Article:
Nancy O'Toole's Reviews > The Big Love

The Big Love by Sarah Dunn
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Sep 14, 10

bookshelves: audiobook, chick-lit
Read in May, 2009

Alison Hopkins receives the shock of her life while hosting a dinner party. She sends her boyfriend out to get mustard, and then he never comes back. Instead, he calls her on the phone, advising her that he has left her for his college sweetheart Kate Pearce, who, she finds out, he has been cheating on her with for months. Alison doesn’t know how to deal with this break up from a man that she thought that she was going to marry one day, and the fact that she’s completely neurotic about sex and adult relationships (thanks in big part to an evangelical Christian upbringing) makes her new found singleness even more daunting. With her wit and friends to guide her, Alison must figure out the next steps to take in her love life.

I tend to skim over book reviews while I’m reading something. I know I risk being spoiled, but I’m always curious to see if other people agree with me on what I’m reading. The Big Love has gotten reviews from all sides. Some people praise Sarah Dunn, calling her the next Nora Ephron. Others label The Big Love as the most derivative kind of chick lit. My feelings are a little more middling.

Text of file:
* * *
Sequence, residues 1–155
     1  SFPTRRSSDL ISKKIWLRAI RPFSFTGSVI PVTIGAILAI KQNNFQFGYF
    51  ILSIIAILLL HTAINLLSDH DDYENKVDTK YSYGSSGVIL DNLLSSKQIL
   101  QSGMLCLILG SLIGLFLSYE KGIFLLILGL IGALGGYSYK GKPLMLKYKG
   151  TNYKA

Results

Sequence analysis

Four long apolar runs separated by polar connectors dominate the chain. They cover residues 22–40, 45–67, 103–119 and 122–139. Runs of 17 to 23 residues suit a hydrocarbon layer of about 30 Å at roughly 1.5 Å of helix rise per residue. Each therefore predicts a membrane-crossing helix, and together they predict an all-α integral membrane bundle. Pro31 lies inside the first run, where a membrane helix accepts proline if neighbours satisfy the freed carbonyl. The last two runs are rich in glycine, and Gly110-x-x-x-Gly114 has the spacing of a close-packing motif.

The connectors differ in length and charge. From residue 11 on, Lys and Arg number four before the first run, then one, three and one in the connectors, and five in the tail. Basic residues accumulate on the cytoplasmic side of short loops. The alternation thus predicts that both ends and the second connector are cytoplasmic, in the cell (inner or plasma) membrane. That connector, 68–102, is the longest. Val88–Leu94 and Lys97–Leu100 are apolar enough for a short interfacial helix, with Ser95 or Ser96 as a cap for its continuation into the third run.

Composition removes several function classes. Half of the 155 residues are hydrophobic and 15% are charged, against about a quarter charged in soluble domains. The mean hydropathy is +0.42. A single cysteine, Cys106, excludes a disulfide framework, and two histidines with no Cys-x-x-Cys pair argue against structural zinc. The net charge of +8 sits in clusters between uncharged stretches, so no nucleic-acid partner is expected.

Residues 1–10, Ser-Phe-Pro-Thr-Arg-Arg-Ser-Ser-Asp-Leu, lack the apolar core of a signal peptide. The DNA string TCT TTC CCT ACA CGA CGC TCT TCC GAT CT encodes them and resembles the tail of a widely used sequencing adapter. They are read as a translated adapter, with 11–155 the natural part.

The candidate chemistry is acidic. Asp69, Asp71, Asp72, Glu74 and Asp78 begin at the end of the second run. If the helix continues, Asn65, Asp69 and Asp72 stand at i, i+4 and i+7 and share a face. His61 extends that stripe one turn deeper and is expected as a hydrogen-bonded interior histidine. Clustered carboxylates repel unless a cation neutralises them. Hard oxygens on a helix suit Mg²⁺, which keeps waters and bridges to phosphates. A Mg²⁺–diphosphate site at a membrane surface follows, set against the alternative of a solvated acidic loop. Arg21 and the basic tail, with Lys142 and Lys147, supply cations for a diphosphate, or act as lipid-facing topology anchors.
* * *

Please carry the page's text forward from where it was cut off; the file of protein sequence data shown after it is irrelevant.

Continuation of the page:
The Big Love is an almost good book. Almost in the fact that Sarah Dunn really knows how to bring on the funny. Some of Alison’s rambles made me laugh aloud, and as a writer who cannot write comedy, I have great respect for anyone who can. I especially like her reflections on being raised as a member of the Christian right and how that impacted her adult self. But at the same time, the writing very much felt like a debut novel. Alison’s amusing rants make up most of the pages, with characters popping in for short scenes here in there. As a result, all of the side characters feel undeveloped, especially the male ones. Also, although Alison’s opinions can be funny, it soon becomes obvious with her thoughts on relationships and men that she’s kind of a crazy person, which can make the book a little frustrating.

The plot of The Big Love is strikingly similar to Jennifer Weiner’s Good in Bed. Both books tell about a woman working as a reporter, living in Philadelphia, who experiences an unexpected and dramatic breakup. The female lead must deal with her newfound singleness, professional woes, and her own issues about society’s expectations, (in Good in Bed, it was weight, in The Big Love, its sex) as well as that whole “my father abandoned me as a child” thing. Only Good in Bed take more time to tell the story, and less time on neurotic ramblings. The characters are more developed, the storyline more complex, and the main character, although at times unlikable, makes sense. This is where The Big Love falls short of other chick lit titles. The writer depends on a storyline that’s been done before, and characters that have also been done before, to tell a funny story. The funny gets across fine, but the story falls short.

As you can tell from this rather long review, The Big Love was a book that left me conflicted. One chapter I’d be laughing at the funny jokes and situations, the other I’d be frustrated. This made it very difficult to come up with a rating for this book. There were a lot of things I liked, but a lot of things that just fell short.
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